WarriorsWorld is providing an unbiased series of posts while watching and reporting on Jarrett Jack, and only Jarrett Jack, on both ends of the floor for the entire Western Conference Semifinals. This installment covers Game 5 in San Antonio.
Sometimes the stars don’t show up. It happens in every medium – sports, movies, TV, music. It’s why you need role players. The Paul Giamatti, Don Cheadle, Flip Mode Squad, Vin Rock, Lench Mob, Billy Preston, Newman (Hellloooo), Hugo Hurley, Bubbles and Paulie Walnuts of the world.
And Jarrett Jack.
Sometimes the role players can make up for the disappearance of the stars. Like Jack did in the regular season against the Cavs and Hornets. Sometimes a young, raw player steps in and shows the potential to be a future star. That’s Harrison Barnes in the last two games.
But it’s not enough in the playoffs. Not against the San Antonio Spurs.
With Steph Curry and Klay Thompson completely off their games offensively and defensively, Jack played solid on both ends of the floor. He was Donnie Wahlberg in Righteous Kill. Robert De Niro and Al Pacino were awful, but Wahlberg was working his ass off to make up for it. It didn’t matter. That movie was terrible.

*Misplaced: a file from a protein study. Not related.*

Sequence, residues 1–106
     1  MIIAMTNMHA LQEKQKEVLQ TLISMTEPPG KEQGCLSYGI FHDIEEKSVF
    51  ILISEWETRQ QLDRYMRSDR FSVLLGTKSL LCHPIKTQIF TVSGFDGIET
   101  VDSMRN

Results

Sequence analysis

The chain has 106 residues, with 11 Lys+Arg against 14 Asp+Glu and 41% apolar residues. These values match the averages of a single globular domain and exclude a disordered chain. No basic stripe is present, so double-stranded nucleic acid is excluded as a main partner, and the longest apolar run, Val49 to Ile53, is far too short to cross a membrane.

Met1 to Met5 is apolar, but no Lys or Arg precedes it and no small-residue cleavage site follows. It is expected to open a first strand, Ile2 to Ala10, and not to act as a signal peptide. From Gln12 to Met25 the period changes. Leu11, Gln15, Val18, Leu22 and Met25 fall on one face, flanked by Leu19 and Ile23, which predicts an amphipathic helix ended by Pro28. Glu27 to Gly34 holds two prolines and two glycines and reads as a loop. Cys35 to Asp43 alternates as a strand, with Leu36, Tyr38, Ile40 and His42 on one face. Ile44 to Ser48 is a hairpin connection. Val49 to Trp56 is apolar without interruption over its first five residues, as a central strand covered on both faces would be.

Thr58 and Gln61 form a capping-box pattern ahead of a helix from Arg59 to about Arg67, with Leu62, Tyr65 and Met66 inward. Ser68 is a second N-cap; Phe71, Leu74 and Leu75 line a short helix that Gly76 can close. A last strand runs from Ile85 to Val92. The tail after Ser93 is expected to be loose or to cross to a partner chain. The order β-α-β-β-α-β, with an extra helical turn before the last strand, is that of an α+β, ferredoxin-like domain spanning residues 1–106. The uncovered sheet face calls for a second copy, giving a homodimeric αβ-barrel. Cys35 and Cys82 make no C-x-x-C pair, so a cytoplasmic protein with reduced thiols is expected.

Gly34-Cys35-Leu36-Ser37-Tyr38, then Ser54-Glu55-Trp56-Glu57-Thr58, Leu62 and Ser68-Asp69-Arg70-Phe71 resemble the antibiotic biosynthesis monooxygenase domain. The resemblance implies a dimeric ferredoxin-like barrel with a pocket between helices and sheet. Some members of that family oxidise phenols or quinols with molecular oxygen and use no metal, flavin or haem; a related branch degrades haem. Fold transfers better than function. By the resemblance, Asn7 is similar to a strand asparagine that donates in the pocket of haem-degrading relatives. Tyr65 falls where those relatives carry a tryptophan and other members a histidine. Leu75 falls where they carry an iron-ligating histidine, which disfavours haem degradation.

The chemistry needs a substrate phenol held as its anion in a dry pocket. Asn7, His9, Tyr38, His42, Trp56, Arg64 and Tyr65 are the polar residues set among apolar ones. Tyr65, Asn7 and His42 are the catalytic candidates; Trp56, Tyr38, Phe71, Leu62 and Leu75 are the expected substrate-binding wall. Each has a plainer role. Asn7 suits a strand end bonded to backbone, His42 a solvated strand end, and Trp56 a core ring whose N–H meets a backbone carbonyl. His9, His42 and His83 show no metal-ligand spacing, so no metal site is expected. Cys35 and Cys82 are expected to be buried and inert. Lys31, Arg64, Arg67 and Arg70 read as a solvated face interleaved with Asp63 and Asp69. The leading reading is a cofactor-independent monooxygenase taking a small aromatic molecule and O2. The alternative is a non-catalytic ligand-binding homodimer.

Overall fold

And despite Jack’s efforts, the Warriors were terrible without Curry and Klay. It didn’t help that Andrew Bogut came up with just two points, six rebounds and zero blocks.
A play-by-play analysis of Jack’s game would be as worthwhile as studying Wahlberg’s performance in Righteous Kill. Awful game, awful movie. Let’s just move on.
What Jack did was prove why he is such a valuable back up. When the stars are off, he can be there to pick up the slack. An average-to-below-average defender, on this night Jack worked hard on defense while hitting his patented mid-range jumper that makes him one of the most efficient in the league at that shot. He was also able to get in the lane quite a bit. As usual, he had his share of turnovers, but nothing too costly.
Not surprisingly, most of Jack’s best games of the regular season came in losses. When your role players take the lead, it means something went wrong. That’s what cost the Warriors. A role player or potential future star can’t make up for the disappearance of your top three players.